The rare Villano de las Encartaciones is believed by some to have origins in the 1100's, while others claim that the modern incarnation of the breed was created in the 19th century by crossing working Spanish Alanos with the Basque Herders and a variety of other Continental sheepdogs and hounds. Crosses between working dogs have been around forever and most Spanish breeds of this type do have roots in the same ancestral stock, but most fanciers of the great Villano de las Encartaciones strongly disagree with those who see the breed as a modern bandogge or just a regional variety of the Alano Espanol, a breed which owes its very survival to the employment of the Encartaciones dogs during the reconstruction. Also known as the Presa Espanol, a number of fanciers trace the Villano Bulldog to the Spanish Bulldog and the dogs brought back by sailors from Spanish colonies, such as the Perro Cimarron, Presa Canario and the Azores Cattledog, some of which can be traced back to the Villano dog themselves. Regardless of its ancestry, the Villano de las Encartaciones has traditionally been used in Western Spain to control rowdy cattle, herd sheep, hunt large game and guard farms. Although some dogs have been used for fighting in the past, this tenacious breed was never bred for that role. The Villano Bulldog is a valued working Molosser in the Bizkaia regions, where these powerful cattledogs are still celebrated for being able to grab and hold onto a bull's head and help the cattle dealers control their livestock.
Relatively unknown even in Spain, the Villano de las Encartaciones almost became extinct during the World Wars, but in the 1960's revival efforts were successful and the breed survived. Certain fanciers claim that these modern specimens are very different than the original Villano Bulldogs, due to a number of working scenthounds and sighthounds, as well as the Perro de Toro having been used as outcrosses during the salvation years, while other enthusiasts point out that the breed hasn't been re-constructed, but was simply revived using traditional breeding practices, which have always relied on periodical outcrossing, especially in the hunting community. Instead of crossing a few foreign breeds together and calling the product by the name of Villano Bulldog, the post-WW2 Presa Espanol breeders simply maintained their breed the same way as their ancestors, using the leftover Villano stock as a foundation, while introducing a few local hunting dogs into the gene pool and then selecting for correct type and working ability. The present-day Villano de las Encartaciones is somewhat taller and lighter than its ancestors, but it is also a more trainable and calmer breed. Still unrecognized and rare, but slowly gaining popularity in its homeland, the legendary Presa Espanol was finally honoured in 1997 by the official establishment of the National Villano de las Encartaciones Club.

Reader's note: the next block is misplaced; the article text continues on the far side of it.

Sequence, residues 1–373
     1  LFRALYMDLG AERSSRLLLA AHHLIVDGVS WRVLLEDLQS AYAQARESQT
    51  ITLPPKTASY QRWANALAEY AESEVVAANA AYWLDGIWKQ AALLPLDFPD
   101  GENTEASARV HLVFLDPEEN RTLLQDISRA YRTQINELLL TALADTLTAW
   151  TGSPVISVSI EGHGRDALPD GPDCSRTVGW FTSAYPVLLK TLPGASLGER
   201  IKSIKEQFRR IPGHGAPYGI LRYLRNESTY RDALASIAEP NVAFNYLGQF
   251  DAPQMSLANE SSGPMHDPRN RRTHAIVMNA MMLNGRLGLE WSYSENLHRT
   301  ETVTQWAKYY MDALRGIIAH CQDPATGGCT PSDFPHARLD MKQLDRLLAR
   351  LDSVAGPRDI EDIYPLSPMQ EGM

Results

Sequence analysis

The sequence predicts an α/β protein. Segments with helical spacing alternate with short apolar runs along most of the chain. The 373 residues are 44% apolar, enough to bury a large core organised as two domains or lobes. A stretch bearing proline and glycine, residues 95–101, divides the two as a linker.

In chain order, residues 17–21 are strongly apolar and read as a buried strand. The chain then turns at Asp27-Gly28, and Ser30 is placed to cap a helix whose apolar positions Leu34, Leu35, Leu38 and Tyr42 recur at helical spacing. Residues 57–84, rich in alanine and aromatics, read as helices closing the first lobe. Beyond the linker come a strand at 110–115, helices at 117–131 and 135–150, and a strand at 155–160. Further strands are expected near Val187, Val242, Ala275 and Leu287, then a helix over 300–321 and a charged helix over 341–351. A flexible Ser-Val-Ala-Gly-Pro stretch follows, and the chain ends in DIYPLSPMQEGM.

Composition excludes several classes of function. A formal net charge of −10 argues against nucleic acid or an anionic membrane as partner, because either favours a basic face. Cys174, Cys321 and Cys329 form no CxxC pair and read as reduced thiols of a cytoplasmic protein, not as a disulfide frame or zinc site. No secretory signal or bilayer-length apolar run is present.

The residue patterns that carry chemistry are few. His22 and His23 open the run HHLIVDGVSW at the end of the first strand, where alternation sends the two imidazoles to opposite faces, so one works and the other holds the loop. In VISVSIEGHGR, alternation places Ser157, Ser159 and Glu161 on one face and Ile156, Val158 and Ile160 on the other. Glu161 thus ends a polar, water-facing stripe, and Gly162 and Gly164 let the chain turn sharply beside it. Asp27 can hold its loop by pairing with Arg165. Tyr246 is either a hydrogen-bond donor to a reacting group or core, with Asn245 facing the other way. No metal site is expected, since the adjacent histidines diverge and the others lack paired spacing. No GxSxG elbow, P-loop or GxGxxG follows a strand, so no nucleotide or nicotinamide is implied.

Suspicious of strangers and very intuitive, these tough Spanish Molossers make excellent property watchdogs. The Presa Espanol is friendly and playful with children and its owner, but needs socialization in order to keep its territorial and protective nature under control. Males are known to be fairly dog-aggressive, although the breed as a whole has a very strong prey drive and may chase smaller animals when given a chance. Being a true working breed, it is much happier when employed to control cattle on farms or used for hunting wild boars and other game, but when raised properly and provided with enough excercise, this rugged and energetic breed can make a good family companion. Muscular and well-boned, the Villano de las Encartaciones is a healthy and agile Moloss. The ears are traditionally cropped, while the tail is left unaltered.
The coat is short and flat, usually dark brindle in colour, but lighter dogs can be found, as well as the specimens with white markings. Average height is around 23 inches, although taller dogs exist.